Question of Time...
as the future in the art world is, art is rapidly evolving, being
"forgiven" and/or accepted as virtually anything that
viewers, art critics and artists themselves strive to apprehend.
Artists in all fields are referring back to History for ideas, colors,
and compositions to get some sort of inspiration.
My name is Rosemary
Lucy Cosentino, and I am a contemporary figurative painter. My inspirations
derive partially from History- with all the great works from the
Masters such as Rembrandt, Ingres, Bouguereaux, and Gentileschi,
and references from the Holy Bible. The parables that were told
to me throughout my childhood had a different meaning then, than
they do now. These ancient writings have underlying meanings which
unfold truths that still apply to today's society. The morals, teachings,
and results of these parables are still present today in everyday
life situations. They have affected me greatly in my own personal
In my most recent
body of works, I am trying to portray the closest people in my life,
as I see them, as I know them, as they dream themselves of being.
This way, I feel, I can immortalize the likeness of that person,
not only in physicality but their soul and "atmospheric presence".
What I mean by "atmospheric presence" is the feelings,
memories constructed or built up in the environment I am placing
the figures in- that makes it all a part of the person, although
they are not physically present. So basically it is an illusional
environment constructed by me from all of the above. My portrait
work deals with employing metaphorical elements that tell the viewer
more about the person in the paintings.
My second and
first ongoing theme in my artwork, came to me as a quest to explore
and resolve issues about myself, I could not understand. With this
came my double self-portrait series. I decided to integrate the
parables from the Holy Bible because they were and still are a part
of myself(selves). I decided that I definitively wanted my figures
and environments to be timeless, so they could not be associated
with a specific time frame. The two figures show different facets
of myself, form an ironic contrast sometimes implying tension and
inner struggle. Moving onto new grounds, I decided to keep the theme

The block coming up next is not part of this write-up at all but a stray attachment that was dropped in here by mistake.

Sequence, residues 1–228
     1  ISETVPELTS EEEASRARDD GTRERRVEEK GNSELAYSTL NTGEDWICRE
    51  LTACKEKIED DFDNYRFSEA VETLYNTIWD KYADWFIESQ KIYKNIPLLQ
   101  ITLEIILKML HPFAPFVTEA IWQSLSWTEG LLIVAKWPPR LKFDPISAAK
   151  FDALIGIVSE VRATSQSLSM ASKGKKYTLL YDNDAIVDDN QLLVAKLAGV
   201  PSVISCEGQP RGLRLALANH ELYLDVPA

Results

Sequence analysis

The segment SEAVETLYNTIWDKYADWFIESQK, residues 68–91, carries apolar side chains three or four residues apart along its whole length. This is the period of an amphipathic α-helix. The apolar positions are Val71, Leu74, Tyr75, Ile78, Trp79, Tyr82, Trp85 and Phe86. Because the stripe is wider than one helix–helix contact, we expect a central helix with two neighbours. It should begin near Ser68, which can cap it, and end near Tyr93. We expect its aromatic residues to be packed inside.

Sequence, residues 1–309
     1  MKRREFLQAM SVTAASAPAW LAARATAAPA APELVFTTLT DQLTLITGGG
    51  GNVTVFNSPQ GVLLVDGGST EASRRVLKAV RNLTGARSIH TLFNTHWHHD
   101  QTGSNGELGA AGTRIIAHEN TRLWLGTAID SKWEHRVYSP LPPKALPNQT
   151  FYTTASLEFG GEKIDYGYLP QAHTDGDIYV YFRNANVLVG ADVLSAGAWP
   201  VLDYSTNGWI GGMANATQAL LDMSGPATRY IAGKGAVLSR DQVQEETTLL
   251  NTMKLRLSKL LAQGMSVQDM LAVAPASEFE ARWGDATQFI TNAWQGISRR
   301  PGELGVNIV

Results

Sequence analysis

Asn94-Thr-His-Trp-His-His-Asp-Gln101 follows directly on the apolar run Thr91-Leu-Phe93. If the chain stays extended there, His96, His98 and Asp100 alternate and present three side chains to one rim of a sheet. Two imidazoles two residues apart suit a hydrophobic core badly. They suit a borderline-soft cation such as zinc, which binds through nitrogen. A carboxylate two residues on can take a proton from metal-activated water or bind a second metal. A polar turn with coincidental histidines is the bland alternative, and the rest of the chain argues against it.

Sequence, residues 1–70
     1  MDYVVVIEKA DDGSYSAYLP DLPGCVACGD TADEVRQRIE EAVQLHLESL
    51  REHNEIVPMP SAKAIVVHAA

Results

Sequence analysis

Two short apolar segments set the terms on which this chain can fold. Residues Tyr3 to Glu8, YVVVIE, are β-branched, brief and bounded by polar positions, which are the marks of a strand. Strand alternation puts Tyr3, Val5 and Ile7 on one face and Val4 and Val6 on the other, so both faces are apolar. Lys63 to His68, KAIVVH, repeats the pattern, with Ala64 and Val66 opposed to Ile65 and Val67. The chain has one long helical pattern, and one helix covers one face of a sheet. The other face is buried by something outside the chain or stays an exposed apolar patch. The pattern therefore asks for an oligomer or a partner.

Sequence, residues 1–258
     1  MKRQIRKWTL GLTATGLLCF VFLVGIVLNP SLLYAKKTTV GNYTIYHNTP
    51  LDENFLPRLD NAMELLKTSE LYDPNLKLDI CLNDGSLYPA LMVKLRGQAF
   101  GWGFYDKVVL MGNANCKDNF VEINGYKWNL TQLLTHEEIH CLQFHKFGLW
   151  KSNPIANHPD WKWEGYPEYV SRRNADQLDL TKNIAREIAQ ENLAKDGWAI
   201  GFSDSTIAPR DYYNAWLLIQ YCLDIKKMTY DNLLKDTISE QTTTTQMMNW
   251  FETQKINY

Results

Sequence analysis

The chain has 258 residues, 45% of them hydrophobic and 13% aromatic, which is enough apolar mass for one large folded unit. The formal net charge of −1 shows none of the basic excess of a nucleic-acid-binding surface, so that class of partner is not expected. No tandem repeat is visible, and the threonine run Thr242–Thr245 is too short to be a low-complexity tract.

of double portraits, using parables from the Holy Bible, and reversing
the powerful roles of men in History, to women. I decided that since
men had such an impact in Catholic History- I wanted to visualize
the reverse, without any offense to the Catholic religion itself.
In this ongoing theme, I helped resolve some issues with my persona,
by visually putting what I could not understand about myself down
onto canvas. As a result, I am creating a silent narrative, which
only an avid viewer can decipher for him or herself.
To further my
originality in my artworks, I work with vibrant pigments using self-taught,
heavily researched old Master techniques and formulas to create
my very own style and color palette. The most evident substance
of my work are the figures and their environments, therefore scale
and composition are crucial in the thought process and primary sketch
works. I feel that being able to relate to my work not just in the
physicality but also in the mental and spiritual aspect, is a small
step towards finding myself always throughout my work. In this way,
I feel that my work is unique and personalized. I believe that my
choices of colors, rendition of style, scale, composition and so
forth are all carefully thought out to fit and suit the subject
matter. My tendency to be spontaneous about changes in the process,
adds to the uniqueness and results of the work.
I do not establish
standards on my works, the viewers are free to come up with their
own interpretations. We are a retrograding society. We always have
the "habit" to look behind and never ahead. Science and
technology may be the only fields preoccupied for what should come
out for the benefit of man for the future, (although that sometimes
this is not the case). I as an artist, am hoping to preserve the
past in the present and in the future, by keeping the world of art
alive...by further exploring and developing a mature body of works.
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